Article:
In recent years, Rachael Rodgers has found her Instagram account to have gained more than 77,000 followers. Using this social media platform, she’s now taking advantage of her platform to bring visibility to rescue pet adoption.
And this message all began with one picture of a dog.
Way back in December 2016, Rodgers posted a picture of Denali, her dog, seated in a canoe while they paddled through the picturesque mountains of Western Canada. The picture was then shared by a couple of other canine-focused accounts. From there, a couple thousand of their followers found their way back to Rodgers,@trailsandbears, and began following her account.
“I had a lot more followers than I knew what to do with. I didn’t really know why I had Instagram, so I kept trying to think of ways to use it or what to do with the followers, and then I just realized, ‘They’re all dog people. Why not show them dogs — dogs that need a home?’” Rodgers said to NBC News’ Know Your Value.
Since then, Rodgers has been using photography and Instagram to bring attention to adoptable animals around her home in Canmore, Alberta. Since taking on the project, she’s managed to help more than 200 dogs find homes – as well as made a few (or many) new friends in the process.
As Know Your Value reports, Rodgers creates digital art – some of which is hanging at the pub where she is employed as a server.
“I think because I’ve seen it be useful, I feel responsible to do it as much as possible,” she said.
Her clever approach to this project has not gone unnoticed, as creates “dating profiles” for each dog, showing tens of thousands of potential adopters just what life would be like with these canines.
“That’s exactly what you want to do with the dog, is show them as you would an online dating profile,” Rodgers said. “It’s a dog in their element doing what they love to do, so that you can cut out all the not-good suitors and head right for someone who loves that kind of dog.”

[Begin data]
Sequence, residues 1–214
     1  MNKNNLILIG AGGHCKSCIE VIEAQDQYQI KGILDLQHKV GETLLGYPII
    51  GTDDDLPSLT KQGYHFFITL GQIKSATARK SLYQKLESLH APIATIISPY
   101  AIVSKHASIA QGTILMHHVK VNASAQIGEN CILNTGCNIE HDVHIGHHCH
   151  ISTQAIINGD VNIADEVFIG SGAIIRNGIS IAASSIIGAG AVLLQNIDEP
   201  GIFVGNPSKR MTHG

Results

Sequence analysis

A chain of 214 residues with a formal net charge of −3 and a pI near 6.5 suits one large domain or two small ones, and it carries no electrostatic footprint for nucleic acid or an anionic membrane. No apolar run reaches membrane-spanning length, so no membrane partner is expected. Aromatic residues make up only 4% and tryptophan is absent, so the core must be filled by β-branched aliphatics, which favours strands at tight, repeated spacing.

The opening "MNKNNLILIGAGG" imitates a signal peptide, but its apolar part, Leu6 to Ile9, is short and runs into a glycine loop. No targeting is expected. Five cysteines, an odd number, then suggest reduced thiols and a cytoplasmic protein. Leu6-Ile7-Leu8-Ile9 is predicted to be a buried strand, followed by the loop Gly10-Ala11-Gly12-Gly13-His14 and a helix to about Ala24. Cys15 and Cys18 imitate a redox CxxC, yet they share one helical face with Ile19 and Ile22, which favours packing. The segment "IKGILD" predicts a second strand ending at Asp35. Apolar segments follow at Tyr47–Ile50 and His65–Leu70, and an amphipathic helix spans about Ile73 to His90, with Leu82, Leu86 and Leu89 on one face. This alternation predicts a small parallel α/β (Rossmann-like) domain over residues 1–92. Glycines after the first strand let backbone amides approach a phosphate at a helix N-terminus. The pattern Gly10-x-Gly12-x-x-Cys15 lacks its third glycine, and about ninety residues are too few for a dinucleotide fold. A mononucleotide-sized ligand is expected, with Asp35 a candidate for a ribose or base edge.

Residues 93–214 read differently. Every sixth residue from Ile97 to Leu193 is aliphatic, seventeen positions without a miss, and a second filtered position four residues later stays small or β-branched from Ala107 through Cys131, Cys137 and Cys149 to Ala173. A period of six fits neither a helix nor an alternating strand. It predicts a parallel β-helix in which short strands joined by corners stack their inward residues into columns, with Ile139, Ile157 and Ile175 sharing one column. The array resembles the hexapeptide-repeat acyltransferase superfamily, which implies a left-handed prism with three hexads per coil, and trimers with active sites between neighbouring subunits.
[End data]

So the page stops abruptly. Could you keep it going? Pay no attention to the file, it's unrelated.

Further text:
Rodgers is skilled at capturing each of the dog’s personalities throughout the photos. She takes hundreds of each, sharing the best ones to Facebook and Instagram. She also gives the photos to the shelters who are caring for the animals so they can use them in their promotional networks.
While some of the dogs she photographs get dropped off at her home, there are other times that she has to drive for miles to pick up, then drive even further in order to find a suitable place to photograph. As you can imagine, she says it’s a lot of work.
“The behind-the-scenes is not glamorous at all — it’s a lot of driving and a lot of editing,” Rodgers said.
As tedious it may be at times, according to NBC, Rodgers is hopeful that her work is appreciated, catches on, but more importantly, helps to get more dogs adopted.
“I want everybody that wants to do this to know how and take all the perceived barriers out of the way and help if they can,” Rodgers stated, “because I think there’s so much potential for social media for the whole system, not just an individual dog, but helping society think differently.”
Rodgers is also very happy and willing to share tips with other aspiring photographers, as well as promote the importance of adopting a rescue dog, instead of buying one from a breeder.
“There are just too many unwanted dogs,” Rodgers continued. “I guess my goal is to show how amazing just any random dog at a shelter is, [and] usually I take the dogs that are harder to adopt. But if those dogs are amazing, then why get a family pet from a breeder?”
As Rodgers continues to become an expert in the field of animal photography, she’s even published a guide for others to follow in order to try the same methods themselves. Her “Instagram for Adoptable Dogs,” is available to download on her website, and promises to help its readers create “the perfect #pupfolio.”